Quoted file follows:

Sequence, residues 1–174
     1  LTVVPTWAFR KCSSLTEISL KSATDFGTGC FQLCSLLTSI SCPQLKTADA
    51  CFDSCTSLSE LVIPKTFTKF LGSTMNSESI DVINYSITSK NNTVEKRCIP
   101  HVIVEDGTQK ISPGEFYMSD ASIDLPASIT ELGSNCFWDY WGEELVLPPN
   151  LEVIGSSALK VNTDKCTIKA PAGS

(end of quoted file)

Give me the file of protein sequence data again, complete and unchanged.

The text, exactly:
Sequence, residues 1–174
     1  LTVVPTWAFR KCSSLTEISL KSATDFGTGC FQLCSLLTSI SCPQLKTADA
    51  CFDSCTSLSE LVIPKTFTKF LGSTMNSESI DVINYSITSK NNTVEKRCIP
   101  HVIVEDGTQK ISPGEFYMSD ASIDLPASIT ELGSNCFWDY WGEELVLPPN
   151  LEVIGSSALK VNTDKCTIKA PAGS